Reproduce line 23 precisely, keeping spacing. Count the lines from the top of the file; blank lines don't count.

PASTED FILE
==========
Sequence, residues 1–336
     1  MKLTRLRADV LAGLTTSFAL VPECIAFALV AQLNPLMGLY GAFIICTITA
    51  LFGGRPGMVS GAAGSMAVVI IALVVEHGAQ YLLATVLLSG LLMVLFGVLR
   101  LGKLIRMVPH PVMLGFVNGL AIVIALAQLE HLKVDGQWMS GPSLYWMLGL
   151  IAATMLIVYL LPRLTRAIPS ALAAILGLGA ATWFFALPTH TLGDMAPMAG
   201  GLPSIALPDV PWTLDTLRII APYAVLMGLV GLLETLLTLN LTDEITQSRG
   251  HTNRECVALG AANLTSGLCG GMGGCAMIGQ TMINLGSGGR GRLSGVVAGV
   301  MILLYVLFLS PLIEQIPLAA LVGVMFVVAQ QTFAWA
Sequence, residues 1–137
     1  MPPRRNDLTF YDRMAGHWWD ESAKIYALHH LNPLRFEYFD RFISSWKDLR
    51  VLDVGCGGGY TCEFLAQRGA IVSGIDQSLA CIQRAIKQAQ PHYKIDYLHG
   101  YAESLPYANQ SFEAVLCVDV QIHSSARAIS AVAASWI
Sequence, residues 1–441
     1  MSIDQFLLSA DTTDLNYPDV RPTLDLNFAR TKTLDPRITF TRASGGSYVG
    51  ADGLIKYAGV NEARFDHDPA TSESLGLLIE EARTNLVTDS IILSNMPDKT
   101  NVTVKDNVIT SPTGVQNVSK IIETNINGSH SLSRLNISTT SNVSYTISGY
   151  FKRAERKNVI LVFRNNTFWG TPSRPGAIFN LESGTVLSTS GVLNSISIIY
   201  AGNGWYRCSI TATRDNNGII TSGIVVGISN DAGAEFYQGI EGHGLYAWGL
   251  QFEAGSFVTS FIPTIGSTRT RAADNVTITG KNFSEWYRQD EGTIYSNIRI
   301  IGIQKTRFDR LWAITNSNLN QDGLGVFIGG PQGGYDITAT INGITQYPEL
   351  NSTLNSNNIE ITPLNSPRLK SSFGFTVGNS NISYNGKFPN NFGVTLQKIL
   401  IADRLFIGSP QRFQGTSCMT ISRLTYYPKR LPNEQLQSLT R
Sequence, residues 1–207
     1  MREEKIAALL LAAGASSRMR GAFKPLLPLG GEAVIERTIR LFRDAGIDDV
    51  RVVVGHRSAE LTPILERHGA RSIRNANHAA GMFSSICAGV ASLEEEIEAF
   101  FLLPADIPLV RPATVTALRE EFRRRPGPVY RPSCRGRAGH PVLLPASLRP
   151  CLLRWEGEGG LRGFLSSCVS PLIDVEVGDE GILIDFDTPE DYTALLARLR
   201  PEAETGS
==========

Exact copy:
Sequence, residues 1–207